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Messiah in John

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Messiah According to Ashton, 'The Messiah, properly speaking, is a man anointed by God and sent by him at the end of time to assist him in establishing his kingly rule . . . generally speaking, whenever Messiah is used without qualification in the New Testament . . . it is either as a proper name or else in reference to the kingly, Davidic Messiah.' Smalley: 'The background to the concept of 'Messiah' is obviously and intensely Jewish, and the Johannine portrait of Jesus as the Christ - like the synoptic - shares this fully. John is also aware, like any good Jewish person, of the kingly and triumphal implications of the figure of Messiah: whether these were by association political, or religious, or both. However, once more John's Christology - while ultimately indebted to a Jewish-Christian tradition familiar to all the Gospel writers - is taken further. To this end John interprets the messiahship of Jesus by linking it to the notions of 'derivation' and, in a developed sense, 'kingship'. ...read more.


When Jesus is later challenged to tell the people plainly if he is the Messiah, he responds that he has already told them but they would not believe. However, Bultmann questioned the idea that Jesus had a Messianic consciousness, supporting the concept that views like these about Jesus were superimposed upon Jesus by later disciples The belief in Jesus' messiahship seems essential to the evangelist who comments (20:31) that the signs have been recorded so that people are brought to believe (or belief is confirmed) that Jesus is the Christ. Lindars writes that 'In the early church, baptism into the name of Jesus meant initiation into the company of those who confess him as Messiah and Lord. According to Smalley, 'the messiahship of Jesus, like his glory, was hidden from sight only by unbelief.' The signs cause division about the person of Jesus. There are those who conclude he is the Messiah (7:31), appreciating that the Christ could perform no more signs than Jesus has, and (7:41) openly affirming 'This is the Christ'. ...read more.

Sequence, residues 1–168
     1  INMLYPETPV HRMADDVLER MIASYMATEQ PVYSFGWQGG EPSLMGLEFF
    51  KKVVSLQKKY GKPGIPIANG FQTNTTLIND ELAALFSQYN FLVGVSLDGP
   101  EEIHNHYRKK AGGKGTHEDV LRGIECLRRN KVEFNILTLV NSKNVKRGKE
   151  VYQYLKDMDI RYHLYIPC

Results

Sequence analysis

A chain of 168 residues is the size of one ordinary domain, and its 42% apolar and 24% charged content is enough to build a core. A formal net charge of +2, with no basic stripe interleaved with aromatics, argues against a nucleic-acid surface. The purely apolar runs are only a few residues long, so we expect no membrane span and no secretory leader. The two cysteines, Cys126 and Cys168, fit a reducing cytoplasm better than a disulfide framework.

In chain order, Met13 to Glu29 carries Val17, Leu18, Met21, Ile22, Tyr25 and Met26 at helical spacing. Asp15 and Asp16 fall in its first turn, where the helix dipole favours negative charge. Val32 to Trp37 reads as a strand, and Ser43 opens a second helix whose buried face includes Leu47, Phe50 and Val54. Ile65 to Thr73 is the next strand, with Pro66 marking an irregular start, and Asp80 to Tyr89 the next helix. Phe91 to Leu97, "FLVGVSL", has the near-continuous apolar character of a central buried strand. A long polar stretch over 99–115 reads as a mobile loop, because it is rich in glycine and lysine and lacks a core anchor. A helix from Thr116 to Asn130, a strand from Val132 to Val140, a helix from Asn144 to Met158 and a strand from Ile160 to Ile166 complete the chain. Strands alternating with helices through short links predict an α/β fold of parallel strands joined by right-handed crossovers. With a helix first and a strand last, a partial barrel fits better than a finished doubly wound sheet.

"As a result of which", says Beasley-Murray, "the awaited prophet like Moses became in the minds of many, at least a messianic figure". This would appear to be supported by the reaction of the crowd after the feeding of the 5000, when their appreciation that he is the awaited prophet means they wish to make him their 'messianic' king. However, in John, 'Messiah' is distinguished from 'Prophet'. John the Baptist denies that he is both the prophet and the Messiah. In 7:40, some hearing Jesus' words conclude he is the prophet, while others affirm that he is the Christ. The Samaritan woman acknowledges Jesus as prophet when talking to him, but later in her own Samaritan group, she asks 'Can this be the Christ?' when referring to Jesus' prophetic capacity as 'a man who told me all that I ever did'. Similarly, the man cured of blindness develops in the 'light' from his initial awareness that Jesus is a prophet, to confess his belief in Jesus as the Son of Man, accepted by some as a veiled Messianic title. So it seems that awareness of Jesus' prophetic status leads logically to an appreciation of his messiahship. ...read more.

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